The Pitiüses lizard
The Podarcis pityusensis is a lizard endemic to the Pitiüses islands (Ibiza, Formentera and the islets around these two islands). It is a reptile that inhabits the dry stone walls so typical of the Mediterranean, abundant in these locations, but highly threatened by some invasive species that have reached the islands, such as the horseshoe snake, and by extreme weather phenomena. This snake has reached Ibiza through the importation of olive trees for gardening.
Oriol Lapiedra, a CREAF researcher who studies the behaviour of this species, explains that “the Pitiüses lizard forms an important part of the culture of these islands, they are an important part of the landscape of these islands and there is even a lot of merchandising around them. I personally think that this connection between culture and biodiversity is important because it connects people with nature in a Mediterranean environment that is particularly threatened by development and habitat destruction. Also, this species is what we know as a “keystone species”, a keystone species for the ecosystem. If this keystone species is lost, the biological system of which it is a part changes substantially and may even collapse. In its case, for example, it feeds on insects that can become a pest.
“This connection between culture and biodiversity is important because it connects people with nature in a Mediterranean environment particularly threatened by development and habitat destruction”ORIOL LAPIEDRA, CREAF researcher.
The Montseny newt is a species of amphibian that only inhabits the small streams of the highest parts of the massif that gives it its name (an area of less than 25 km2). For this reason, it is currently classified as a species in serious danger of extinction by the IUCN. It is practically aquatic, found in the cold, clean and oxygenated waters of the streams in the beech and holm oak forests where it breeds and feeds. Although their biology is still largely unknown, studies indicate that they move very little. This low dispersal capacity and the existence of few suitable streams for the species could eventually lead to the loss of individuals and, in the long term, could lead to their extinction.
“The increase in forest in the Montseny may mean that the streams where the newts live do not carry enough water for long periods of time, and this could jeopardise the project to reintroduce the species that is being carried out in Catalonia. “If the forest grows, the trees need more water, and the flow of the streams decreases. In fact, this effect is the main threat to the species, more than the increase in temperature or the lack of rainfall that climate change is already causing”, reveals a study by Anna Ávila, CREAF researcher.
“If the forest grows, the trees need more water and stream flow decreases. In fact, this effect is the main threat to the species, more than the increase in temperature or the lack of rainfall that climate change is already causing”.ANNA ÀVILA, CREAF researcher.
Cap de Creus’ sèseli
Seseli farrenyi is an endemic plant of the Cap de Creus Natural Park. It grows in the shape of an umbel, with white flowers of approximately 20 × 20 cm and between rocks and cliffs. “This species is important because in addition to being unique in the world, it is only found in a very small town on the Cap de Creus and that makes it very vulnerable. If we want to stop the loss of biodiversity, we must avoid the extinction of all species, not just those that give a direct benefit to humans, “says Sandra Saura Mas, CREAF researcher and UAB professor who has been more than 13 years studying and participating in its recovery.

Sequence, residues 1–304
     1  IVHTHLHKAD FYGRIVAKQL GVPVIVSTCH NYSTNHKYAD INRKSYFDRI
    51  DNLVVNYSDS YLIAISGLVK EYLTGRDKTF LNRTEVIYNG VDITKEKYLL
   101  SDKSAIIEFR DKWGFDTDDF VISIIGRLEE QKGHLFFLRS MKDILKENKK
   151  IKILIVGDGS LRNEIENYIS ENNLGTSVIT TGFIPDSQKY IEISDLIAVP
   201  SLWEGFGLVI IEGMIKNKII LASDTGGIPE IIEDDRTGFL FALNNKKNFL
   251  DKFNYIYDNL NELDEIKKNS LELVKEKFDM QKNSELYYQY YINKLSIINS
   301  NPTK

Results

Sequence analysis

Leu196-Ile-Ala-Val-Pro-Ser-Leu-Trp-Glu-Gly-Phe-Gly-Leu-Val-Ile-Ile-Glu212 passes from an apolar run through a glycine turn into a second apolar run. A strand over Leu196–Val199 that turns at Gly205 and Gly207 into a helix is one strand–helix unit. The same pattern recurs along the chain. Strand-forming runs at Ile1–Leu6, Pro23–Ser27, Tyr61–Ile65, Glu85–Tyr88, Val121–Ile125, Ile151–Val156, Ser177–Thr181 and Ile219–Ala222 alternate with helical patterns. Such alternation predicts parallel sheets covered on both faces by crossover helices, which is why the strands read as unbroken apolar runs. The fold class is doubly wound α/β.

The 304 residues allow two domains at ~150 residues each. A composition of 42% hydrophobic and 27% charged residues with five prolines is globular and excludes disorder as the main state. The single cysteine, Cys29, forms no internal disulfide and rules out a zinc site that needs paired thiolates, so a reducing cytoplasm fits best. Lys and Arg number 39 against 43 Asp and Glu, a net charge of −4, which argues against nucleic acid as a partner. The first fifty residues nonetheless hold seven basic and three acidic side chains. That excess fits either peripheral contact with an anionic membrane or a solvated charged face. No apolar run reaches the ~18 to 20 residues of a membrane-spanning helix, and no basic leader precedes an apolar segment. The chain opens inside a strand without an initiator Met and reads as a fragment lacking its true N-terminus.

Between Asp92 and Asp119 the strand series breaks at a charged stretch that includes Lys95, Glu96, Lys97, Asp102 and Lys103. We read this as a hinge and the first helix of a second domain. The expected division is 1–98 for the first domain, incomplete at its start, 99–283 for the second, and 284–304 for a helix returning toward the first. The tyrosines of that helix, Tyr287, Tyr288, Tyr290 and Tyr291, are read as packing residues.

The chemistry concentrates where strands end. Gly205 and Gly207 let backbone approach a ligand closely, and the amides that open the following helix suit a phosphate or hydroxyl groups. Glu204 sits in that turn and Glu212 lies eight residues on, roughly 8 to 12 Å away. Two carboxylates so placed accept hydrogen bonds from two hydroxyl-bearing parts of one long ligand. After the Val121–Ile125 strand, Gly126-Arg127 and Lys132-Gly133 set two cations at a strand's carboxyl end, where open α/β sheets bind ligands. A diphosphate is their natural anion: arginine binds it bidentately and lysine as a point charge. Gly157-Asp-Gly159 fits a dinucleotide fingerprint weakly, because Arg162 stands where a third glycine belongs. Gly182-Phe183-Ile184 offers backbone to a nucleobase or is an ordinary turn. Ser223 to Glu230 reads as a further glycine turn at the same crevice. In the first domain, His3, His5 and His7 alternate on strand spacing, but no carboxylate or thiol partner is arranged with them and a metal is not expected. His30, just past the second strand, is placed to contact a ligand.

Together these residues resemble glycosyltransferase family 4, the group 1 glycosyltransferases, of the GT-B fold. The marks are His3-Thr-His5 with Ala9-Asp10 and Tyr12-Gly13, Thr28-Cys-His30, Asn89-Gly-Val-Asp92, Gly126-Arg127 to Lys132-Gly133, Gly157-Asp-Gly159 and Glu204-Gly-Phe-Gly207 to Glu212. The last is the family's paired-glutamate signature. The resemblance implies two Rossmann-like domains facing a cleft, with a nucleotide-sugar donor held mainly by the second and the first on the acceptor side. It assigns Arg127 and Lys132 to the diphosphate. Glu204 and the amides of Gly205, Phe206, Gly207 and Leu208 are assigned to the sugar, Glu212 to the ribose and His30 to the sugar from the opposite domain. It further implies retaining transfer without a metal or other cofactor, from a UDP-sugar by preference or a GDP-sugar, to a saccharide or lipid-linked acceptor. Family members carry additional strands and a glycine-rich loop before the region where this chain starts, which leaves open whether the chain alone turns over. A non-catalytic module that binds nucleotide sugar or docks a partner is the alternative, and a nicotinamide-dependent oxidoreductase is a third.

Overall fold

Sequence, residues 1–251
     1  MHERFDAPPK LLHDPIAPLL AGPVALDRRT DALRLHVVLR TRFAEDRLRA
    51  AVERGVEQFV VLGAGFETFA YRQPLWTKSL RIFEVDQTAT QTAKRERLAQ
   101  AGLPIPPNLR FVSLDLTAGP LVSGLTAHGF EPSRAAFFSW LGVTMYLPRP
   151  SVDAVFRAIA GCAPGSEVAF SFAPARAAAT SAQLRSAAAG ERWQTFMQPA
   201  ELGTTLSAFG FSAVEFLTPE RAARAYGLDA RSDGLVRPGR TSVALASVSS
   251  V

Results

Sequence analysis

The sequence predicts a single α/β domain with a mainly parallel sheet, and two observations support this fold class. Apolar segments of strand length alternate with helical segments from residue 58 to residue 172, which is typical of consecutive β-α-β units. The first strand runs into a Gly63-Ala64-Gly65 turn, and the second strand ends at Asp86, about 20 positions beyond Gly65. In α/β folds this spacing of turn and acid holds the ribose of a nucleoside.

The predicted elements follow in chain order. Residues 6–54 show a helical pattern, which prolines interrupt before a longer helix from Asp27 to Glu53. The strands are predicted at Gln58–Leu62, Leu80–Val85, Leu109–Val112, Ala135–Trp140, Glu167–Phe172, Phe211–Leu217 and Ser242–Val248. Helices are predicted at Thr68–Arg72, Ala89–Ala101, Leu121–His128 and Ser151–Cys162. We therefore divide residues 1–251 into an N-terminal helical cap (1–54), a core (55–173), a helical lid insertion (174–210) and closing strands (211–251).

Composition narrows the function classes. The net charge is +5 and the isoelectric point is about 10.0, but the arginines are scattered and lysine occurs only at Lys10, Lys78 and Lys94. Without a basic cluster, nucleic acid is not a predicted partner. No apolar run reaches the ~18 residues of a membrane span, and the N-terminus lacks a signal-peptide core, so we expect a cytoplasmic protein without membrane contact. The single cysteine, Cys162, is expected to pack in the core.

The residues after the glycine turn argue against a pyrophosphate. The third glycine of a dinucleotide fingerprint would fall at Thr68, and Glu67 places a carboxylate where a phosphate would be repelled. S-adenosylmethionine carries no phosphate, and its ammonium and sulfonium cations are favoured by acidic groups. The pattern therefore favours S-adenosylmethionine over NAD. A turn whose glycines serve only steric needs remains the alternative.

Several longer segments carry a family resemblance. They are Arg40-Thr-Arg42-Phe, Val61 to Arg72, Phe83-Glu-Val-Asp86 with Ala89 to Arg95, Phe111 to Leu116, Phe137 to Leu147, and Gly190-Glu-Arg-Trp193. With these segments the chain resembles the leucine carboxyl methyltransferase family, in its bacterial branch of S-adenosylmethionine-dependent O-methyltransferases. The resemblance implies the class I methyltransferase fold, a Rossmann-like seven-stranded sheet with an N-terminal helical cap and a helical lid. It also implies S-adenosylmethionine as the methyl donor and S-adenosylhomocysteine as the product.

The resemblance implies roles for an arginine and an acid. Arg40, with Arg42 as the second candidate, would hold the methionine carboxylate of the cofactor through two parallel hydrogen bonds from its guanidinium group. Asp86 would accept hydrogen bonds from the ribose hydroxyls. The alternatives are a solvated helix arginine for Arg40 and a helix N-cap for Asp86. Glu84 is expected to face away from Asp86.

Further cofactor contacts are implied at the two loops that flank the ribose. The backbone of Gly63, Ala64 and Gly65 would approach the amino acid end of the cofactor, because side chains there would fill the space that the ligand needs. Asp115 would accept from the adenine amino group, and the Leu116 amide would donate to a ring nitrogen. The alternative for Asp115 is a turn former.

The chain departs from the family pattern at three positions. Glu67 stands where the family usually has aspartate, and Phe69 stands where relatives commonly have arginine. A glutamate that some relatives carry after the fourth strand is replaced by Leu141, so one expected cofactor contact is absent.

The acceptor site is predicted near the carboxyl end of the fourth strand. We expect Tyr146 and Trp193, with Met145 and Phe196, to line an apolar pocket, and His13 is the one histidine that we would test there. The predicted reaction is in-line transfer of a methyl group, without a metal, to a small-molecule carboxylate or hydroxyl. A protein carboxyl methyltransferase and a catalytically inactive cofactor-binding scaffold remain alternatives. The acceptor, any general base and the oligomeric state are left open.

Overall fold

“If we want to stop the loss of biodiversity, we must avoid the extinction of all species, not just those that give a direct benefit to humans.”SANDRA SAURA MAS, CREAF researcher
Recently, new localities of this plant were found, after 10 years of witnessing its decline and path to extinction. Now the population has quadrupled and the biologist is hopeful for the conservation of the species.
Also known as hairy grass, the Ramonda myconi is a species that has lived in the Pyrenees for millions of years. It began to live there when it still had tropical characteristics during the Tertiary period and has adapted to environmental changes over time until the present day, where it is well adapted and at minimal risk of extinction.
This plant with violet flowers, which can reach 20 cm in height and which sprouts again year after year, although it seems to dry up every summer in the heat, was studied by our researcher Maria Mayol and our researcher Miquel Riba . In addition to Catalonia, it can be found in Navarre, Aragon, France and Andorra among calcareous rocks and conglomerates.
In addition to the most endemic species, CREAF is involved in the search for other species that are unique throughout the world. One of these is the Iris nusairiensis, to which Angham Daiyoub, a PhD student at CREAF and the UAB, is devoting her thesis. This species of iris lives only in the coastal mountains of Syria, between 1,000 and 1,600 metres above sea level.
It is a plant with bluish or white flowers that grows in bulbs with long fleshy storage roots. It usually has about 6 glossy, medium green, lanceolate leaves that rise from the base of the stem and can reach 7-10 cm in height in males. All flowers have a yellow or pale yellow crest on the cascades. “Right now we are studying it to find out more about its biology, as it is classified as a species of special concern by the IUCN in the Mediterranean and is vulnerable because of its very restricted distribution,” explains Daiyoub.